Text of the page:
Strong Policies Can Enhance Financial Oversight

State Official Urges Building a Good Foundation for Reporting on Grant Funding
Jerry Ashworth
May 6, 2019 at 07:12:48 ET

Grant recipients should establish solid internal policies to ensure that they are complying with all financial reporting requirements while never losing sight of the intended mission of their federal awards, a Nevada-based official told attendees at the National Grants Management Association’s (NGMA) annual grants training recently held in Crystal City, Va.

“The results of your [financial] reports and your reconciliations, especially in your closeout, are a direct result of the business practices and business management that you apply to your grants,” according to Jessica Hoban, policy and communications chief for the Nevada Office of Chief Information Officer, adding that these practices should include continuous review of policies and procedures, internal controls and training efforts. “Grants are complicated, but if your practices are based on a good foundation, they can carry you throughout the grants lifecycle.”

Hoban emphasized three primary “pillars” for proper financial oversight of grants — cash management, time management and performance measures. She warned that recipients should avoid supplanting funds (i.e., federal funds must be used for the awarded program, either new or existing, not to replace state and local funds or services that would otherwise be provided) (see ¶312 in the Federal Grants Management Handbook). “You don’t want to take grant funds from one grant and give it to another; that’s not good management of public funds,” she said.

Also, Hoban noted that some recipients may have grants in which the project performance year differs from the entity’s fiscal year. She urged recipients to develop policies and procedures that address how to manage awards when there are competing timelines, particularly as it affects grants closeout. “Make sure you close out your grant responsibly, and that you are not spending outside the time parameters of the federal award,” she said, adding that proper record retention also is critical. “Even though your [organization] may have a certain time period when dealing with a grant, the record retention period requirement at the federal level begins when [the] grant ends, so if you have a multiple-year federal award, the first day of your retention period does not start until the grant ends” (see ¶466 in the Handbook).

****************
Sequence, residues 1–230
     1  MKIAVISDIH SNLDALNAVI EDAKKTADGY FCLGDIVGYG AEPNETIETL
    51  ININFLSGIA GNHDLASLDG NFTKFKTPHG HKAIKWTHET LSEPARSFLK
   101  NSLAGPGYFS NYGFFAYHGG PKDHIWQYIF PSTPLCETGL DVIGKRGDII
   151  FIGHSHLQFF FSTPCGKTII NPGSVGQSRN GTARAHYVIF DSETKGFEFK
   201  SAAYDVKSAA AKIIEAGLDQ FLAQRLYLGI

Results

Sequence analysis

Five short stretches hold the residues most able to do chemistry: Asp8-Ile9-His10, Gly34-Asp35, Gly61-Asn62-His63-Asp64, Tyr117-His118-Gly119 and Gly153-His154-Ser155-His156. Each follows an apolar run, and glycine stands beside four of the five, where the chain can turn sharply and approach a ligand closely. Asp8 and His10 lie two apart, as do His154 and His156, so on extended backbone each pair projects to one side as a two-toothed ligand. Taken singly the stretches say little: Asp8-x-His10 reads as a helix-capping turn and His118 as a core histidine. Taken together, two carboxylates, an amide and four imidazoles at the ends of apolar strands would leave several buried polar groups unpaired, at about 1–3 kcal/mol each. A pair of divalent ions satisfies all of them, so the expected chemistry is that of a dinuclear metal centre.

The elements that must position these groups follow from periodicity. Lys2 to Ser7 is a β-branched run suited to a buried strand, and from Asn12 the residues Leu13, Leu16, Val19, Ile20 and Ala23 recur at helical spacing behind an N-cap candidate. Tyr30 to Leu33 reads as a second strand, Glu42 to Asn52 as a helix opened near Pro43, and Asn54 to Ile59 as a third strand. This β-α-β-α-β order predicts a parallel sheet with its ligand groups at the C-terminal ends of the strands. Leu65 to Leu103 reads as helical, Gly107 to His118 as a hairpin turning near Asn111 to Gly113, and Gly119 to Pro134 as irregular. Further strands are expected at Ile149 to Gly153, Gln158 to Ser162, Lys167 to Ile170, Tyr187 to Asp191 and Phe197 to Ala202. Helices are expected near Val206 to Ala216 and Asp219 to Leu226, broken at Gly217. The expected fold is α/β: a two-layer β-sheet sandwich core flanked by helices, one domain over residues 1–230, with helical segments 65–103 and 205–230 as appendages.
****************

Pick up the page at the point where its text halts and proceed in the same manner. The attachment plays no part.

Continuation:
‘First In, First Out’

Hoban also discussed grantee obligation and expenditure periods, explaining that recipients should spend funds on a “first in, first out” basis. For example, if an organization receives annual awards for multiple years, the organization should spend all the funds for the first year before spending funds from the second year’s award. (A discussion of the “first in, first out” requirement can be found at Chapter 8.4.1.5.4 of the NIH Grants Policy Statement.)

“Don’t start spending on the second award until after you have exhausted all of the funding amounts from the prior award,” she said. “Make sure that you train your people so that they understand the process. Also, make sure someone is regulating whatever method you use for your balance sheets so that you know the available amount [remaining] on your award.” She encouraged organizations to have policies and procedures to ensure that these payment processes have adequate oversight to ensure that accounts are accurate.

Budgeted vs. Actual Costs

Recipients should be aware, according to Hoban, that budgeted costs estimated in an organization’s grant application often are different than the post-award actual costs. “Budgets are a plan when you apply for grants,” she said. “However, what happens in reality concerning actual costs is what you are measured on for compliance and performance. Many things do not go the way we planned.”

Hoban explained that some recipients have sought reimbursement for costs based on budgeted amounts and did not reconcile their spending to actual obligations or whether funds were spent appropriately, particularly concerning personnel costs (see ¶465 in the Handbook). “If some of you never had to do time-and-effort tracking and now you do, this is a method to demonstrate actual [staff] support and focus on a benefiting program,” she said. “In some cases, you’ll have personnel spending more time on a grant than what was approved in the budget. Go back and look at what actually happened [concerning personnel costs], and make sure your [time-and-effort] reporting is verifiable, compliant and can stand up to an audit.”

‘Mission’ Funding

Hoban emphasized that federal grant funding is intended to forward the mission of the grant to serve the public good, so management decisions should aim to meet this mission, not just to receive a single audit with no findings. “Use [mission goals] to drive your decisions,” she said. “When you focus so much on compliance, you’re actually inhibiting the benefit to the public. Make sure you know the grant [mission] is the primary driver for the services you are providing and set up your parameters and your decisionmaking on program management based on that intent.” With that in mind, however, Hoban urged attendees to review and follow the accounting and administrative requirements in the uniform guidance and the federal regulations overseeing their award programs.

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